Blight and nematode-resistant GM potato in the pipeline

British scientists plan to develop a new genetically modified potato that aims to be resistant to blight, better for the environment and healthier.

Researchers at the Sainsbury Laboratory, a government-funded research institute in Norwich, are in the “very early stages” of a long-term project to develop a new, improved potato.

Prof Jonathan Jones and his team have already trialled a GM potato, which can stay free from the fungal disease late blight.

See also: US fast food giants reject newly approved GM potatoes

Now the team plans to create a potato resistant to blight, bruising and nematodes by inserting eight genes in a popular commercial variety, such as Maris Piper.

Funding for the project has just been agreed after the Biotechnology and Biological Sciences Research Council (BBSRC) agreed an industrial partnership with Simplot, a US company that has developed a GM potato.

The University of Leeds has been researching genes to confer nematode-resistance, and Simplot has recently received approval for its GM potato variety innate to be commercially sold in the US.

The variety has a reduced susceptibility to bruising and reduced the ability to form acrylamide – a chemical that has been linked to cancer formation – when cooked at high temperatures. 

Prof Jones said: “If we could take all these genes, if we could introduce them all into one potato, we could have a spud with reduced chemical impact on the environment, less waste, while also having lower levels of acrylamide when cooked and the associated health benefits.”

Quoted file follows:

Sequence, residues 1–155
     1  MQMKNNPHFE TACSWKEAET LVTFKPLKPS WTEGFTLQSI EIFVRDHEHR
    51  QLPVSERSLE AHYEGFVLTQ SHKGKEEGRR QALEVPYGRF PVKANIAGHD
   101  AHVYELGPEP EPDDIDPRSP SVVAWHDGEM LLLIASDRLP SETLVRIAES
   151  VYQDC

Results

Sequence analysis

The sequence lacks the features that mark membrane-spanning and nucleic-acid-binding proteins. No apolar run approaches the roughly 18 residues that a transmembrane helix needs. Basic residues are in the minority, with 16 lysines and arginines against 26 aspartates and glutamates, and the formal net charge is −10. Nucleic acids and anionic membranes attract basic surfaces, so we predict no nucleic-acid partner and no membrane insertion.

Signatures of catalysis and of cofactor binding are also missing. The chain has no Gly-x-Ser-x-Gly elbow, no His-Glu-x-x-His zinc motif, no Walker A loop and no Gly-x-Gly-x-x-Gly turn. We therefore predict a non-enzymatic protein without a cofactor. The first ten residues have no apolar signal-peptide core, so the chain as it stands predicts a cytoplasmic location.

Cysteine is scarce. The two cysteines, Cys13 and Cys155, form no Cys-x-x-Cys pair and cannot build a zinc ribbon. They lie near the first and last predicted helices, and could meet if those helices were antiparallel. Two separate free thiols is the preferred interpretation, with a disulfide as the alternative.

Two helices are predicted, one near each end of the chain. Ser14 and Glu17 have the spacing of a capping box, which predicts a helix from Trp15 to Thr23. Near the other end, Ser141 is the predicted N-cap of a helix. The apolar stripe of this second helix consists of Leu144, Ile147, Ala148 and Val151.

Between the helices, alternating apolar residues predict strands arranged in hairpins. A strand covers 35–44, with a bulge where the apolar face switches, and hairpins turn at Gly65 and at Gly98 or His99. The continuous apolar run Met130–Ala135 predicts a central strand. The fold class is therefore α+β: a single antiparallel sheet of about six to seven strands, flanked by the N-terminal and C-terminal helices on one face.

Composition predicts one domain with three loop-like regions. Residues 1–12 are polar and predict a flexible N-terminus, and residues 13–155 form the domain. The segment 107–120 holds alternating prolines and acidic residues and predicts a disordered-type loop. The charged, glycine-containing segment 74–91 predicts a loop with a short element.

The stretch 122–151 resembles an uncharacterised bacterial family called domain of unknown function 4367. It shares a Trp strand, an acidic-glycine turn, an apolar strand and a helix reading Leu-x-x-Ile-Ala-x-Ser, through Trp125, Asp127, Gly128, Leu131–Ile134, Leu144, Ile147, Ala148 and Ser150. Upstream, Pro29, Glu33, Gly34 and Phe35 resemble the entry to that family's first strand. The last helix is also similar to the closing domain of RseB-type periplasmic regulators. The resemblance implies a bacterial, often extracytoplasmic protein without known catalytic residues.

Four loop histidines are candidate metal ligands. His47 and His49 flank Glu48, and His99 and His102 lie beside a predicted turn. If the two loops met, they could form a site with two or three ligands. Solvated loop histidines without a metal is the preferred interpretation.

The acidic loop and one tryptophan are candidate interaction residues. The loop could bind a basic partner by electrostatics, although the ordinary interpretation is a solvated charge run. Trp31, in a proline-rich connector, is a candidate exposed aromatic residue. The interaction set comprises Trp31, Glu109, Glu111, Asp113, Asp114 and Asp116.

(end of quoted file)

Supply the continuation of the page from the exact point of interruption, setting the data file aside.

The professor insisted that GM as a technology had been shown to be safe. He said it allowed scientists to pinpoint the exact parts of a plant’s DNA and introduce a desired trait to a variety.

“The result is a much quicker and more precise improvement,” he added.

If the project receives Defra approval, research will begin this autumn, with the first field trials scheduled for spring 2016 in the UK. 

Prof Jones and his team estimate it could take eight to 10 years before the potato is available for consumers to buy.

Before the potato can be sold commercially, it will need to be extensively tested. It will require authorisation from the European Food Safety Authority, and approval by EU ministers and the EU Commission.

But anti-GM lobby groups maintain projects developing GM potatoes are a waste of taxpayers’ money and consumers would not buy modified potatoes.

Peter Melchett, policy director of the Soil Association, said: “A previous GM potato, launched in 2009, was claimed to be the answer to the blight disease common in the UK potato crop.

 “Now we’re told that won’t work, and a GM potato needs up to eight different GM characteristics to be useful. 

“As with other GM research, this is a complete waste of time, money and scientific expertise.”

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